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Mike Tomlin: This was disappointing hiring cycle for minorities

Pittsburgh Steelers v Oakland Raiders

OAKLAND, CA - DECEMBER 09: Head coach Mike Tomlin of the Pittsburgh Steelers looks on from the sidelines against the Oakland Raiders during an NFL football game at Oakland-Alameda County Coliseum on December 9, 2018 in Oakland, California. (Photo by Thearon W. Henderson/Getty Images)

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Mike Tomlin, who is entering his 13th season with the Steelers, now is one of only three African-American head coaches in the league. Anthony Lynn and new Dolphins coach Brian Flores are the others.

Since Dan Rooney -- the namesake of the Rooney Rule -- died two years ago this month, NFL teams have made 15 head coaching hires with Flores and Steve Wilks the only African-Americans. Wilks lasted only one season in Arizona.

“I think the numbers speak for themselves in that regard,” Tomlin said, via Gerry Dulac of the Pittsburgh Post-Gazette. “It was a disappointing hiring cycle for someone who watches it like I do, knowing some of the deserving men I do who I thought should have gotten an opportunity and didn’t. But we’ll continue to work and fight for equality and opportunity.”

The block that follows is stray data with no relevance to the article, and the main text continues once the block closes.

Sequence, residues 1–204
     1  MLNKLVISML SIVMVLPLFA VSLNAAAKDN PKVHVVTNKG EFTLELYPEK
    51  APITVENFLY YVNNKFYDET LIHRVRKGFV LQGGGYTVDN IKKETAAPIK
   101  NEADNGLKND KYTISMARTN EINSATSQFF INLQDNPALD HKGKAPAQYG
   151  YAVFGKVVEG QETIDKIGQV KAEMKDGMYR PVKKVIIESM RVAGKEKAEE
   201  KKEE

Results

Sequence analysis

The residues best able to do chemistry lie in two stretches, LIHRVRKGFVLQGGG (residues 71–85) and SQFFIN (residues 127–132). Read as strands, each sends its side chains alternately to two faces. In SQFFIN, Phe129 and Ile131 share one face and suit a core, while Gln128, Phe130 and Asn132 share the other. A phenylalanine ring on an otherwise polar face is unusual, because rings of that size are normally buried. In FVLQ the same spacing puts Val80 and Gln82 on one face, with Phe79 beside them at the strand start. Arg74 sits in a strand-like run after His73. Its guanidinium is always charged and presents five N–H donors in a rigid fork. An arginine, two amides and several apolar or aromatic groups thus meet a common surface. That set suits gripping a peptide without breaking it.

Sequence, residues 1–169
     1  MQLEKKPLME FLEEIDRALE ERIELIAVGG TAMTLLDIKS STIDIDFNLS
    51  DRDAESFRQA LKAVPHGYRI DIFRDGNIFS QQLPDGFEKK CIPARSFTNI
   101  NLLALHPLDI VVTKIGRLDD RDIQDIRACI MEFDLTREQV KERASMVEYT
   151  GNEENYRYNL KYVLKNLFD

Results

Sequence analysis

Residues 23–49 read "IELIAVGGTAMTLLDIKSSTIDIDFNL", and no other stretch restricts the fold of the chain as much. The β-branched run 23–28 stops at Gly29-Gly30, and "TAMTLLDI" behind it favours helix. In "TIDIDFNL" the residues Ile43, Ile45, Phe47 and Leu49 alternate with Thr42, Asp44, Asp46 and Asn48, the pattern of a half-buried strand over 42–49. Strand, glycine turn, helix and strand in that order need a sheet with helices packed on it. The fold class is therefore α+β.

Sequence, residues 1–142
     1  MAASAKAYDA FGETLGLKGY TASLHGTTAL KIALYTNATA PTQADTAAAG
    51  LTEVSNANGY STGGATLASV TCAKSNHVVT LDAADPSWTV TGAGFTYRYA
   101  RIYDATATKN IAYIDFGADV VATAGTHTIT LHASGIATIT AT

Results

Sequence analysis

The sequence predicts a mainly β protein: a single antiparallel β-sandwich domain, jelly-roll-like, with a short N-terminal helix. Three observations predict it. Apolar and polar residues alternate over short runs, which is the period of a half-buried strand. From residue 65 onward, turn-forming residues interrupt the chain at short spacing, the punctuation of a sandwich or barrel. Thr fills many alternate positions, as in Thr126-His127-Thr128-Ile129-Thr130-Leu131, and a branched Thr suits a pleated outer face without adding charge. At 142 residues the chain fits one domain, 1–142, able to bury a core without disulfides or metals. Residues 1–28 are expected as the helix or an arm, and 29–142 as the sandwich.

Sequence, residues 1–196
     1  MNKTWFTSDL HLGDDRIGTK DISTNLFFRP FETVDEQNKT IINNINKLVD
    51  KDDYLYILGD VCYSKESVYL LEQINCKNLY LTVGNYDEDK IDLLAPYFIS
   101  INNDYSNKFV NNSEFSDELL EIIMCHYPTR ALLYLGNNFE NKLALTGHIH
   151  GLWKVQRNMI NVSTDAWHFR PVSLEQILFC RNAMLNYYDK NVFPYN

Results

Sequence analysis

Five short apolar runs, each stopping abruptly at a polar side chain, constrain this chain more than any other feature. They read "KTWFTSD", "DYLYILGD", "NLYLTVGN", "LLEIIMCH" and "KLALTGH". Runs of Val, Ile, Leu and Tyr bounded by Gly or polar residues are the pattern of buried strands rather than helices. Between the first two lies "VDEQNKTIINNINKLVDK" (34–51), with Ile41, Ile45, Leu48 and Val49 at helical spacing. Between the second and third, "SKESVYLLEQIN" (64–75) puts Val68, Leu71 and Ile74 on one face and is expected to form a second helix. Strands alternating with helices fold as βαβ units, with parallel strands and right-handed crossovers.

The league adopted the Rooney Rule in 2003, requiring teams hiring head coaches to interview at least one minority candidate. In 2009, the NFL expanded it to include openings for General Manager positions.

“I think that’s what the Rooney Rule speaks to, equality within the opportunity,” Tomlin said. “We’ll continue to fight for that, not only in terms of head coaching searches, but maybe other areas of the profession as well. I know there’s some discussions in the offseason regarding some of that.”